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  1. #15
    Senior Member Redsurfbus's Avatar
    Join Date
    Nov 2009
    The beach
    Iodine gauze and a plaster, works pretty much within hours, softens the hard bits and allows it to heal rather than crack. It is not painful like some people tend to think

  2. #16
    Senior Member
    Join Date
    Nov 2009
    Prevention is better than cure ( too late now for OP I know!). But how? Personally I do not suffer with hand damage even after extensive and repeated windsurf sessions but I do work with my hands a fair bit ( hobbies rather than work!) and spend time on the water virtually whenever there is wind. Most have lifestyles that do not involve much manual work so the skin on their hands is unlikely to be robust. At the same time it is not easy to determine whether keeping skin soft and flexible with moisturising treatments is the right tactic or whether some other form of conditioning to toughen the skin would be more effective. When I helped on a farm as a kid, the farmer reckoned that pig's urine toughened the skin on your was actually quite difficult to avoid working on a pig farm anyway!
    I also wonder whether different types of boom grip ( i.e the material) have an impact on wear and tear on the hands.

    If I suffered problems like the OP I would definitely use some form of tape as a preventative measure.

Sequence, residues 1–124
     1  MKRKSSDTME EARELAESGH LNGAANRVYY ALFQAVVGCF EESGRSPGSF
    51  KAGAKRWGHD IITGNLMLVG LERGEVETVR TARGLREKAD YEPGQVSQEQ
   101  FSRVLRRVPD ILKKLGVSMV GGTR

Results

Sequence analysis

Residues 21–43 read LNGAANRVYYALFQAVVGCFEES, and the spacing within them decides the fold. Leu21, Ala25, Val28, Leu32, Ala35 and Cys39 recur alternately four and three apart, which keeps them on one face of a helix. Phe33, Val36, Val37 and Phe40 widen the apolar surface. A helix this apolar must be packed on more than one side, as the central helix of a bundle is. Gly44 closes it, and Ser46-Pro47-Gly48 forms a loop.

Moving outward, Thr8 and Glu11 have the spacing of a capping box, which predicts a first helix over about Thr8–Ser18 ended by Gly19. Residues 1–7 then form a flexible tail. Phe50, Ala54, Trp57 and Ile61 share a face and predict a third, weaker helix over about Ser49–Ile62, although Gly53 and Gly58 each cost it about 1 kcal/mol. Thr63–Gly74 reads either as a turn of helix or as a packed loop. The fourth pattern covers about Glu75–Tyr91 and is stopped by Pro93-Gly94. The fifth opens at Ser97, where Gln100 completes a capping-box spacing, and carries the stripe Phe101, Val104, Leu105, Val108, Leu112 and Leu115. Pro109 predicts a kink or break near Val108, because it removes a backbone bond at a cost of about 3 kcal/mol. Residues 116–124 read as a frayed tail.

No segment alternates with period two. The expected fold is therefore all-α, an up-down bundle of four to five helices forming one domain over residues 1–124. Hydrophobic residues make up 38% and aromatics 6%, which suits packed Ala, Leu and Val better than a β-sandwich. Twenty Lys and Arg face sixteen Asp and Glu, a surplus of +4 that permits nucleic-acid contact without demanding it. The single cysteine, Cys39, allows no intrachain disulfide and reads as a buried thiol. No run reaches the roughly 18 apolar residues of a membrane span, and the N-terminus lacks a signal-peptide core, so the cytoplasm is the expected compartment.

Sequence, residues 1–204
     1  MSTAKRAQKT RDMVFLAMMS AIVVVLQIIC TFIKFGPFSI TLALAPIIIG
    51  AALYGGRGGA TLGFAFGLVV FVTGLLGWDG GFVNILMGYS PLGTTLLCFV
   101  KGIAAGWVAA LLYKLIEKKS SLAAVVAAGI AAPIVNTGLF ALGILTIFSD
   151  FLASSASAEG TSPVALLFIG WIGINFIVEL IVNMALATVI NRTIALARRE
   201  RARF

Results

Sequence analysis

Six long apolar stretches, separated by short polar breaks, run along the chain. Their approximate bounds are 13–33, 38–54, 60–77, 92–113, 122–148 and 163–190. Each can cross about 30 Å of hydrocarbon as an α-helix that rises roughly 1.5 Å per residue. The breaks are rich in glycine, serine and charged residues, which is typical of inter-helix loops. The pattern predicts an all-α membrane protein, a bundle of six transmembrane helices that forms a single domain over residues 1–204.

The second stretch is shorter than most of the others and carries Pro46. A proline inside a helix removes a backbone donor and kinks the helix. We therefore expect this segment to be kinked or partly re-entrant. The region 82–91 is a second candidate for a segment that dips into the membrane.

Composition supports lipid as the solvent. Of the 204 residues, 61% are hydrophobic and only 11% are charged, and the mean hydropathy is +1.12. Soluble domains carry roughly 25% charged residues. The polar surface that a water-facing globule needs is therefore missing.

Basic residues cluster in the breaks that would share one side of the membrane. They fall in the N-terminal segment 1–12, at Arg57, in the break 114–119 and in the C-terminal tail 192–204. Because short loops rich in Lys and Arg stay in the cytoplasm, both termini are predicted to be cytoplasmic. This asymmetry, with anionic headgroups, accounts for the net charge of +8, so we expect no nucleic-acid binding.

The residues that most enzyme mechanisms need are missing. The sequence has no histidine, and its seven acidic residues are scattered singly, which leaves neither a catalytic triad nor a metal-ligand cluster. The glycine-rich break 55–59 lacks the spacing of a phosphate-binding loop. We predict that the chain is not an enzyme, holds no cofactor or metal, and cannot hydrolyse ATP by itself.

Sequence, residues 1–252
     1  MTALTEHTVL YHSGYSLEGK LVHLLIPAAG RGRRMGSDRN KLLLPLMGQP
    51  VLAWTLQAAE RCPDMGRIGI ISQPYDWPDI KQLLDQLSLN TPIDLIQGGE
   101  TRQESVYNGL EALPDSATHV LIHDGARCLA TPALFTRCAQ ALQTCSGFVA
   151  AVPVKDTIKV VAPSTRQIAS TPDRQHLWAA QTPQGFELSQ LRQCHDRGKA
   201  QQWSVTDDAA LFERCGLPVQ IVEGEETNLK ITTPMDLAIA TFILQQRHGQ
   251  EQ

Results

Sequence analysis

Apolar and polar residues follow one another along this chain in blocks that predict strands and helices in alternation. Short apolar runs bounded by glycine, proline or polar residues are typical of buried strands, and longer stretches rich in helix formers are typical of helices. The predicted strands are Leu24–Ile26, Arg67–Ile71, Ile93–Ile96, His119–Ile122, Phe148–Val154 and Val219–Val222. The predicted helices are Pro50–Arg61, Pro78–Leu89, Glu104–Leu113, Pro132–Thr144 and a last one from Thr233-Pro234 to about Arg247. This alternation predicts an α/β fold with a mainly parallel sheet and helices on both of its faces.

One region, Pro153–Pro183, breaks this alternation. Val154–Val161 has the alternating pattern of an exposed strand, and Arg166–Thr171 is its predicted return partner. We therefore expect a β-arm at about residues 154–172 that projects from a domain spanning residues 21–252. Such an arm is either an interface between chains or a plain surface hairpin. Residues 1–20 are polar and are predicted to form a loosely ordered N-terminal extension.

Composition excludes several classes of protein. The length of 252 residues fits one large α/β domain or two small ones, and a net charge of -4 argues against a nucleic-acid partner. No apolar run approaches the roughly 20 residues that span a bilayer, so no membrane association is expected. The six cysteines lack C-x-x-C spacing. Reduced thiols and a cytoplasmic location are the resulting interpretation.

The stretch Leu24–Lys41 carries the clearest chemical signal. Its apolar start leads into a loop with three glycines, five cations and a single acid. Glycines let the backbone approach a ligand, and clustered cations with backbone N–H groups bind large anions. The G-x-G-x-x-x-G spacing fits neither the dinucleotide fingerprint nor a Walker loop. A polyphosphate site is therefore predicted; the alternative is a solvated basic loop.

3. #17
    I think it is different types of sailing that have an impact on on wear and tear on the hands. Wavesailing in big waves and gusty winds - jumping high and landing hard all really shred hands in a way that cruising in a harness in the most ballistic wind never can. a blog about looping

    UPDATED Feb 2016

  4. #18
    Super Moderator
    Join Date
    Apr 2004
    On a training week at Marsa Alam, Simon Bornhoft recommended these: Anselll Hyflex Utralite gloves.

    Click image for larger version. 

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    I found they worked well. Best with the fingers trimmed with scissors

    Very thin and very robust and best of all cheap at 4 a pair. Much better than cycling or windsurfing gloves because they are so thin. No effort to wear and so you wear them.

    So good for prevention or to protect blisters once you've got them. They come in a range of sizes - smaller and tight fitting work best. size 8
    Last edited by MartinJ; 5th November 2013 at 10:34 AM.

  5. #19
    Senior Member hmsgeoff's Avatar
    Join Date
    Jul 2004
    Quote Originally Posted by rod View Post
    Hmmm hmsgeoff. I told you I do pull ups?!?
    ah, no just the hand cream bit, I think.
    BWA Tour Director

  6. #20
    Senior Member Jibe Monkey's Avatar
    Join Date
    Aug 2012
    Does anyone else sand paper their callouses? I saw one of the pro's doing this and tried copying him - it does eem to work to some extent, in that they seem less liley to tear off at a later session.
    Tacking is the new gybing.....

  7. #21
    Senior Member Silicon Beach's Avatar
    Join Date
    Sep 2005
    El Mdano, Tenerife
    yes I 'sand paper' my windsurfing callouses, but I use a nail file rather than sand paper. After sanding them I put moisturiser on. This works well for long term maintenance if you sail a lot. I haven't had any real problems with my hands since living here, despite about 150 sessions a year.
    Currently writing the World's first Windsurfing Novel: 'Too Close to the Wind' - watch this space!
    ps check out my musings from El Medano: Life on the Reef
    Boards: Quatro Supermini Thrusters: 94 & 85
    Sails: Severne Blades.

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